As outlined above although the negotiating teams from the two companies had achieved agreement this was only possible at all because one party (in this case the representatives of the Asian airline) had made a significant concession. While the European company regarded the substance of the agreement as satisfactory and so was in a position to enter into the negotiations on the financials, the Asian company was not ready. Further internal discussions were necessary to address the concerns still being expressed within the airline over having agreed to work with the European system. It was against this background that the airline concluded it was willing to continue discussions on the financial aspects of the arrangement.
Aware of the concerns which were still being expressed internally within the Asian airline, the European company decided that although the joint venture was – operationally – a good one it would not proceed to conclude agreement. Its analysis of the forthcoming end game was that in order to achieve an agreement it would have no option but to concede on price; that is, it would have to increase its initial investment and/or make concessions on its share of expected profit if it was going to get the Asian airline to sign the joint venture agreement. The CEO conveyed the decision not to proceed to his Asian counterpart and the joint venture proposal was grounded for good.
Minor Case Study
Telco Negotiation: a Business Negotiation that Connected!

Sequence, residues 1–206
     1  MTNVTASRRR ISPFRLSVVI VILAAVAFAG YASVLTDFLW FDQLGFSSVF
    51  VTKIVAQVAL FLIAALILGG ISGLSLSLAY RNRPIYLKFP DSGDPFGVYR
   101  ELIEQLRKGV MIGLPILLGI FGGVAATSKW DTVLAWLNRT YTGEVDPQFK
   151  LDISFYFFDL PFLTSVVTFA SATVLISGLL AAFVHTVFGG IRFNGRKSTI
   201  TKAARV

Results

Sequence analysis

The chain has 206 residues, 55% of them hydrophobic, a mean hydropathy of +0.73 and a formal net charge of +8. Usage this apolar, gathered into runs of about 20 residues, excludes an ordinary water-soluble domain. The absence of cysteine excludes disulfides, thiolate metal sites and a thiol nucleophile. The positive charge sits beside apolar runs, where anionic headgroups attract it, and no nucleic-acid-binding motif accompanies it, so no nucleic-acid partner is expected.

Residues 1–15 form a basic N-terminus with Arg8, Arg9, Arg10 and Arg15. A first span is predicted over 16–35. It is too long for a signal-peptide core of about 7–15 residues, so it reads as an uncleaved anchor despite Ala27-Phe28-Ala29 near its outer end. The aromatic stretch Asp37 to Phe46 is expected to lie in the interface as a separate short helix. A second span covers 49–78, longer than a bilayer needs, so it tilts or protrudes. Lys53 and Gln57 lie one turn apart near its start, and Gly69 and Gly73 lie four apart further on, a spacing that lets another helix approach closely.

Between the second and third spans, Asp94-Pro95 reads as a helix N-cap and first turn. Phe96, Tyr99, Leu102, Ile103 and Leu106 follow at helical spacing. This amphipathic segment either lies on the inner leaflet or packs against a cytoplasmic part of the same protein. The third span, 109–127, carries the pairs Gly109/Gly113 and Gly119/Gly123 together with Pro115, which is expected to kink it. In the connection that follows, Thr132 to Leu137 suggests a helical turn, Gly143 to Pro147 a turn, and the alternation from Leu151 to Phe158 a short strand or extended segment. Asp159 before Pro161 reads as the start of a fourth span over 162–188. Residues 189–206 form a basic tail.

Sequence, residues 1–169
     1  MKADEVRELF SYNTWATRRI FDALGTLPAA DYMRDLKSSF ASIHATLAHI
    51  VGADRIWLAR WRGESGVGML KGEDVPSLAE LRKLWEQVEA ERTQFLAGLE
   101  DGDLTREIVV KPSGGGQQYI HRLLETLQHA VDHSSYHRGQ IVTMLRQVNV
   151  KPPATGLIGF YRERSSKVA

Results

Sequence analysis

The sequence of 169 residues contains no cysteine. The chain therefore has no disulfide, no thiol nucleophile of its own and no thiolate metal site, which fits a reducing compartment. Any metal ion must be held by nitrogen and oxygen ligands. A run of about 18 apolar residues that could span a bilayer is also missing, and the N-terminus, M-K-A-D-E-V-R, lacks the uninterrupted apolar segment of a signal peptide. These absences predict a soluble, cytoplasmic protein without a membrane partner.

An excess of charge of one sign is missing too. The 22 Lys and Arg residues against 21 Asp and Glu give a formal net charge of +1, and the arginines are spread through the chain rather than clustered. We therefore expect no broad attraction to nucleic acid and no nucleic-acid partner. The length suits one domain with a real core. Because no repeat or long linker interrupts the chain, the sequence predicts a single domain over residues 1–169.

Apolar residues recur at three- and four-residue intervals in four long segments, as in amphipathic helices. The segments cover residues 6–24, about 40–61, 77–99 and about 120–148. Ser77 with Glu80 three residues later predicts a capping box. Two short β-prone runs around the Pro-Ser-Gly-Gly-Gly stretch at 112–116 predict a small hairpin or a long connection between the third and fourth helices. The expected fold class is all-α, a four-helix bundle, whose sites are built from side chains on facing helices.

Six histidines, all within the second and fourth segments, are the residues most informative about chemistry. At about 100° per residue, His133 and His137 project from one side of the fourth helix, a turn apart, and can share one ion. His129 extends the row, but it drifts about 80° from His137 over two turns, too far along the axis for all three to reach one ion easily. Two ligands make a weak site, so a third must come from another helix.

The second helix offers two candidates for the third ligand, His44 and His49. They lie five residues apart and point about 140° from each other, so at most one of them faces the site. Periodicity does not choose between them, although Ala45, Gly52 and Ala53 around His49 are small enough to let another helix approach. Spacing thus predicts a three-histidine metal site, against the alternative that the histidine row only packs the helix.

Case Study Context
This case study in negotiation relates to a European telecommunications company’s acquisition of a strategic investor stake in an Asia Telecoms operator. The telecommunications industry is in a constant state of flux as new technologies open up new possibilities and new markets. A strong but single-country European telecommunications company (Eurocom) undertook a major review of its future, and concluded that it should expand internationally. Having carefully researched several prospects across the world, it made an exploratory approach to an Asian business conglomerate known to be seeking a partner to assist in the development of one of its own subsidiary telecoms companies (Asiatel) in the region. In fact, the conglomerate had been prospecting Eurocom, and so welcomed the approach. Asiatel had the operating licence, Eurocom the network expertise. It was quickly agreed that the two companies should delegate negotiating teams to explore the potential for cooperation, which would take the form of Eurocom buying part of Asiatel and being involved in the subsequent operation of the company. The critical issues would therefore be the companies’ respective investments in the new company, issues of governance and arrangements for the distribution of future profits. As such, the negotiations would involve both strategic and operational issues.